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Dell'Oro Group: NFV to See Several New Uses in 2016

By Steve Anderson February 11, 2016

The Dell'Oro Group recently released a new study suggesting that, as big a hit as network functions virtualization (NFV) has been so far, it's likely to only get better with 2016. Not only will it be put to use more often, the report notes, but it's also set to be used in some new and unusual ways.

One major point the Dell'Oro Group study noted is that virtual customer premises equipment (vCPE) is set to gain rapidly over the next few years. The study included a complete five-year forecast for vCPE systems, including not only premises tools but also infrastructure systems, giving a good cross-section of the market in mid-change. That's not the only point concerned here, as virtualized network functions (VNFs) are also addressed, complete with looks at the related components for NFV infrastructure (NFVI) as well as management and orchestration (MANO). The study further went on to examine deployments of NFV, not only currently, but also those set to be released in the future. These included vCPE and MANO, but also Evolved Packet Core systems.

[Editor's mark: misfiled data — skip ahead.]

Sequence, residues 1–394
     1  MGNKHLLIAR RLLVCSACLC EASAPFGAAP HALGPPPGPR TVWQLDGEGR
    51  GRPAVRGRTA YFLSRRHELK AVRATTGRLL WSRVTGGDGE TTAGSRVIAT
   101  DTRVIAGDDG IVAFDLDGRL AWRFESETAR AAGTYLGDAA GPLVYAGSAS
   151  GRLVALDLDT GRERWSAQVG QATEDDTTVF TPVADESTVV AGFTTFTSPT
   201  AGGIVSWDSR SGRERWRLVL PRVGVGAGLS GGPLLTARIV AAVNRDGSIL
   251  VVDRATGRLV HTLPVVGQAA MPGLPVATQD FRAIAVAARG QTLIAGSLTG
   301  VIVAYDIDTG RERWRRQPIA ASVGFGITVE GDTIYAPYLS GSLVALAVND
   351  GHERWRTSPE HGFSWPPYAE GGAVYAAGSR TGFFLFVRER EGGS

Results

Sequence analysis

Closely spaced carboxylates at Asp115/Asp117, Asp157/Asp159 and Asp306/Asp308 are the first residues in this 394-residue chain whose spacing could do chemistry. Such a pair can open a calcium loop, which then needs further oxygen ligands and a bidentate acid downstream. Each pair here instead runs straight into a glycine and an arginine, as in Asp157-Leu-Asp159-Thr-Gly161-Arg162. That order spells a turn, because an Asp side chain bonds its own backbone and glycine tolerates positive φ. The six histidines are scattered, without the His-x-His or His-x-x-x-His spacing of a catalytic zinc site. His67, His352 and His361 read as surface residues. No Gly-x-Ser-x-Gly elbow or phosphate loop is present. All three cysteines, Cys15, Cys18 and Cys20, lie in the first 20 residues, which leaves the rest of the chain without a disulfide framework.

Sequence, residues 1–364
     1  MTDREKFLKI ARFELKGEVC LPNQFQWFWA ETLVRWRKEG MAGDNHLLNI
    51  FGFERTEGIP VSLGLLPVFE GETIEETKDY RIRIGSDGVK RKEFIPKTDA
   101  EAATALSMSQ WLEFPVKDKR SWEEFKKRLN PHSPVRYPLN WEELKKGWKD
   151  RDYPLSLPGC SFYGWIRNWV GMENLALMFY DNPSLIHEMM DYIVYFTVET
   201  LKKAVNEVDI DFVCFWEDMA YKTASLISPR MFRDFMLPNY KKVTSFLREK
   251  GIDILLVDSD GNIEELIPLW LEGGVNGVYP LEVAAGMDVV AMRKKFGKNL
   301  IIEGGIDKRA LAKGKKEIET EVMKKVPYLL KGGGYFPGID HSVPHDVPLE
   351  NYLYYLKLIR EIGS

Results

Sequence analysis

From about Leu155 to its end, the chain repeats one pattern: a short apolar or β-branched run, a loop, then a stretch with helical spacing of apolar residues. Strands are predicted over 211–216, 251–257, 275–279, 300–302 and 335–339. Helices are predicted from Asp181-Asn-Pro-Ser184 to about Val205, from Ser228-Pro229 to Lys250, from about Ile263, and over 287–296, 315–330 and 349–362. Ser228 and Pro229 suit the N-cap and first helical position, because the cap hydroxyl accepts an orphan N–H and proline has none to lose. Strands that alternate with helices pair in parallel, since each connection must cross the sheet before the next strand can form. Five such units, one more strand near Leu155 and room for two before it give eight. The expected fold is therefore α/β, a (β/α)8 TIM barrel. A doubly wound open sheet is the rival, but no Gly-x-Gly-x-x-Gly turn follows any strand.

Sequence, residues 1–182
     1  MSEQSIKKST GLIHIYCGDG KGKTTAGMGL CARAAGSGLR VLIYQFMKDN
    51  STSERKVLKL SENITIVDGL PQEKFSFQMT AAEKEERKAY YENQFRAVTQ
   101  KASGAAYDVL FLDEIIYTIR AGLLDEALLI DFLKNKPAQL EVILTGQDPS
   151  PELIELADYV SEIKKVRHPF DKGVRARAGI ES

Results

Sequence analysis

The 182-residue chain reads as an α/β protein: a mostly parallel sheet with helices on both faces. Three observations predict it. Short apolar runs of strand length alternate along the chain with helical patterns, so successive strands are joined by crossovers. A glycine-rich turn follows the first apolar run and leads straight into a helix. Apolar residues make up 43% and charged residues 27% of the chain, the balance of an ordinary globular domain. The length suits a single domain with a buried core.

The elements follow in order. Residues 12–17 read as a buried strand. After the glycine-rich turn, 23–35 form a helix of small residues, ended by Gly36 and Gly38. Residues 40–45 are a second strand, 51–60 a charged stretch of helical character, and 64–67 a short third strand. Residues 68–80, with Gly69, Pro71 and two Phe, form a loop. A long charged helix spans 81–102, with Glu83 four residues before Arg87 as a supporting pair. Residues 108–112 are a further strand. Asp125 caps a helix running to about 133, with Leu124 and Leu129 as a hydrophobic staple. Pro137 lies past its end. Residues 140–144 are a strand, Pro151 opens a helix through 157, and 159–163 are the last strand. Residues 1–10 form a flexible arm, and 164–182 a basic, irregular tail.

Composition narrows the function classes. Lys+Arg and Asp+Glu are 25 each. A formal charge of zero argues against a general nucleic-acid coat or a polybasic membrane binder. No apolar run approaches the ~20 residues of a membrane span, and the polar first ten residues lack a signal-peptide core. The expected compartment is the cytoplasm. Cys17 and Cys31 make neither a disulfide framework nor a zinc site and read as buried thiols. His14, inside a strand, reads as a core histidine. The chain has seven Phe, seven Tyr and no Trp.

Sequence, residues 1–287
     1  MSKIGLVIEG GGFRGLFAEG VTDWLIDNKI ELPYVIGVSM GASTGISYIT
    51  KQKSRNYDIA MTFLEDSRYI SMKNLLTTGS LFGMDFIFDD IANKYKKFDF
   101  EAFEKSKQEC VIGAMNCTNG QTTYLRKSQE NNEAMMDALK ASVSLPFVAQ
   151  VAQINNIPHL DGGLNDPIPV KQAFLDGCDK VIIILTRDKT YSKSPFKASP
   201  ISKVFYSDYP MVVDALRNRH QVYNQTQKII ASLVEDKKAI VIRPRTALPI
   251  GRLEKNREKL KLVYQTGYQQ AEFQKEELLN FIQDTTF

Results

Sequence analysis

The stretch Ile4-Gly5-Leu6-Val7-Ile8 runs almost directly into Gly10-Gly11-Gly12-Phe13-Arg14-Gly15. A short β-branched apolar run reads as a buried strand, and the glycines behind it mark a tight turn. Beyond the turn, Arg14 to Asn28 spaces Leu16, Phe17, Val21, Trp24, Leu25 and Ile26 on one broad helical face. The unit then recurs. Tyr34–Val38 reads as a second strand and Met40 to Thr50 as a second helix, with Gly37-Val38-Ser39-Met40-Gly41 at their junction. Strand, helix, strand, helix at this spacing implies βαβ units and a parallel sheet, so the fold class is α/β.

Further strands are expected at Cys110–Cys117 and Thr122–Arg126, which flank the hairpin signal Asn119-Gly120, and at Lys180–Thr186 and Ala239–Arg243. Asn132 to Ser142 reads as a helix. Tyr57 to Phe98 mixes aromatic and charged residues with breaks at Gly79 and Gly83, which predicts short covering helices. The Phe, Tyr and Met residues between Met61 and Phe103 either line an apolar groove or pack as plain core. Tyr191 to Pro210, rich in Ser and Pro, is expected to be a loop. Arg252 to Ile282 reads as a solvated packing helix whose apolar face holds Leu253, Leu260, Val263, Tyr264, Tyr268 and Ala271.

It's hard to talk about NFV in any depth without talking about its similar half, software-defined networking (SDN). Carrier SDN makes an appearance in the report as well, and service providers are said to be viewing Carrier SDN as “complementary” to NFV, with many actually looking at the two technologies in concert.

Dell'Oro Group vice president Shin Umeda offered comment: “When we began tracking NFV several years ago, we knew the technologies and deployments would evolve over time and that forecasts would be a moving target. While we are still in the early days of NFV, we are excited to see that the potential for NFV starting to take hold in 2016.”

Indeed, we are still in NFV's early days, and the same goes for SDN. What we've seen so far, however, is downright inspirational; we're seeing carriers and network providers and even network users start to consider NFV a lot more closely than had been seen in the past. In many cases, those considering NFV like what they see, and more are putting it into use. There are several good reasons to turn to NFV, perhaps the greatest of which is the ability to bring  out new services comparatively inexpensively, since powerful—and expensive—specialist hardware is no longer a necessity.

The Dell'Oro Group report shows a market still in its early days, but one that its potential consumers are taking quite seriously. There's a lot of room for growth here, and those who get in now may well be able to take advantage of that growth all the way to the top. 

Edited by Kyle Piscioniere

Contributing Writer

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